Tin Tins

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Tin Tins was an all-night Birmingham dance club that closed in 1997. It influenced many contemporaneous and subsequent dance clubs. It was located in the current location of the Debenhams store in the Bullring Shopping Centre.



Tin Tins opened its doors in Spring 1990 as a gay club, the brainchild of Brian Wigley and Martin Healey, also the owners of the drag cabaret bar Partners (now Glamorous). Tin Tins was successful in its early years managed by Stan Cherrington and Richard O'Donnell, who focused on a younger clientele. The Nightingale, the city’s only other gay club, was more popular with an older, predominantly male customer base.

During its formative years, Tin Tins staged music acts, including Lonnie Gordon, Hazell Dean, Sharon Redd, the pre-famous pop group Take That, and several celebrity personalities, including "The Freak" from Prisoner Cell Block H and Lily Savage. The venue also hosted DJ Funky Dunc, a member of the Hi-NRG scene.

The early management team departed to open M&M's, a nearby gay bar. Tin Tins re-established itself under a new leadership team of Richard O'Donnell, David "Lotty" Nash, and Phil Oldershaw, who years later enjoyed similar success with the "new" Nightingale Club.

Richard O’Donnell became Tin Tin’s lead manager. He saw the value in the club’s all-night license, one of the only in the city, and launched an after-hours club called Hype. This move gave straight, “attitude-free” clubbers access, making Tin Tins unusual, as mixed gay/straight clubs were not common in the early nineties.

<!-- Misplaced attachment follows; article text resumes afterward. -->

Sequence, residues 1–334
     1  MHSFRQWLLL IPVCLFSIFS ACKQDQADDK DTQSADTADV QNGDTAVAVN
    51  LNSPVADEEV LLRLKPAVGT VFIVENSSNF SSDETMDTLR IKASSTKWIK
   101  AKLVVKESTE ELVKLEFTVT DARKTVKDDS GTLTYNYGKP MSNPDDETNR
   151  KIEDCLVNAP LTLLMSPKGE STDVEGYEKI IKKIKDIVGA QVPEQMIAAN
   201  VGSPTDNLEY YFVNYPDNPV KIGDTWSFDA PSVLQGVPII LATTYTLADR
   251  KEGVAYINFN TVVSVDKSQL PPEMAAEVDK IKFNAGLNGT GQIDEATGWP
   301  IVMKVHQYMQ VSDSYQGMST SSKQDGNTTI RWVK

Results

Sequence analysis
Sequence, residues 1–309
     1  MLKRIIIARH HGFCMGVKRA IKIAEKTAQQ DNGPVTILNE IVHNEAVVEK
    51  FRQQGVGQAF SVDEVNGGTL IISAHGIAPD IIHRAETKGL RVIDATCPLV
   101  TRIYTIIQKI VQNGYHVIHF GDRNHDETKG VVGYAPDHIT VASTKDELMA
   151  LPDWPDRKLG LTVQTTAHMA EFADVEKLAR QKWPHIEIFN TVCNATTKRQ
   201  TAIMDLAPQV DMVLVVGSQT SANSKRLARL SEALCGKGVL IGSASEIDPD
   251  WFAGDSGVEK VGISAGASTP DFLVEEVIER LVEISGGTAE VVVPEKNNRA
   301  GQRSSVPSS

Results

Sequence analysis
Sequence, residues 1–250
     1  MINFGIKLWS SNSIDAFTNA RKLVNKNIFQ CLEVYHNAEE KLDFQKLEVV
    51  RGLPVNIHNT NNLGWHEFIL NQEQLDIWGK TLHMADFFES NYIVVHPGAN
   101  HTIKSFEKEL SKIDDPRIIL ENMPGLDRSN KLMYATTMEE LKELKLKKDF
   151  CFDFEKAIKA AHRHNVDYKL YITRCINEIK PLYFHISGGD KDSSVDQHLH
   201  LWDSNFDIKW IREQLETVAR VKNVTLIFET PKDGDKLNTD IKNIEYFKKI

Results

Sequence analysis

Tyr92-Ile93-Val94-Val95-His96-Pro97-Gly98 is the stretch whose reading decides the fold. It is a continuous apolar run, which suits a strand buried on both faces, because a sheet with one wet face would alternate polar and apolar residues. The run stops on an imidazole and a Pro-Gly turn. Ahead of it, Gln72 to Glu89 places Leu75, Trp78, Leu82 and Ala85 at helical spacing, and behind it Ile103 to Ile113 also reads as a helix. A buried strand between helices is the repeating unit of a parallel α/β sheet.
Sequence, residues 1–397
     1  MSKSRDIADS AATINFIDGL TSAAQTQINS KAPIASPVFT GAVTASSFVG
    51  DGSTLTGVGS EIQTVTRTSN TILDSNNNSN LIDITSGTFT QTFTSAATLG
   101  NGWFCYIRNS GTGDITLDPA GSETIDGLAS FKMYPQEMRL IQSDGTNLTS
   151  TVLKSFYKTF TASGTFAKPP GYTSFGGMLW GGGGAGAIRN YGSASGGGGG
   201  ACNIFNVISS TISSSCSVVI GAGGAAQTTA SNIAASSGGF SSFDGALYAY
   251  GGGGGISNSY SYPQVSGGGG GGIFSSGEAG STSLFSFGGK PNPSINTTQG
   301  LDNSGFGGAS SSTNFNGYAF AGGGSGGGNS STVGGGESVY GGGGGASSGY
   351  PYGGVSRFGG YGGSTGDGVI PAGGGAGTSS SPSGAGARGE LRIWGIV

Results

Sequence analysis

Tin Tins had two main music rooms: Upstairs, where uplifting house music was played; and Downstairs, which played harder house in the new Hi-NRG style. DJ Tony De Vit played downstairs in the club’s early days before taking residency at the Trade nightclub at Turnmills in London. DJ Paul Andrews, a long-term DJ and others, like Simon Baker and Dave Simmons, shaped the club’s music policy and scene.

At first, Tin Tins would close at 2 AM and reopen as Hype, going until 6 or sometimes 8 AM. After a short time, the club simply remained open from 10 PM to 9 AM with no break. The club was unique, as clubbers felt a complete lack of prejudice.[ citation needed ] Tin Tins patrons — Black, white, gay or straight — focused on the music, dancing to tunes generally unplayed at all but a few clubs in the country at that time.


The venue was demolished in 1997 as part of the Bullring development. [1]

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  1. Bentley, David (3 September 2017). "Whatever happened to Birmingham's best clubs of the 90s?". BirminghamLive.

Coordinates: 52°28′36″N1°53′46″W / 52.4767°N 1.8961°W / 52.4767; -1.8961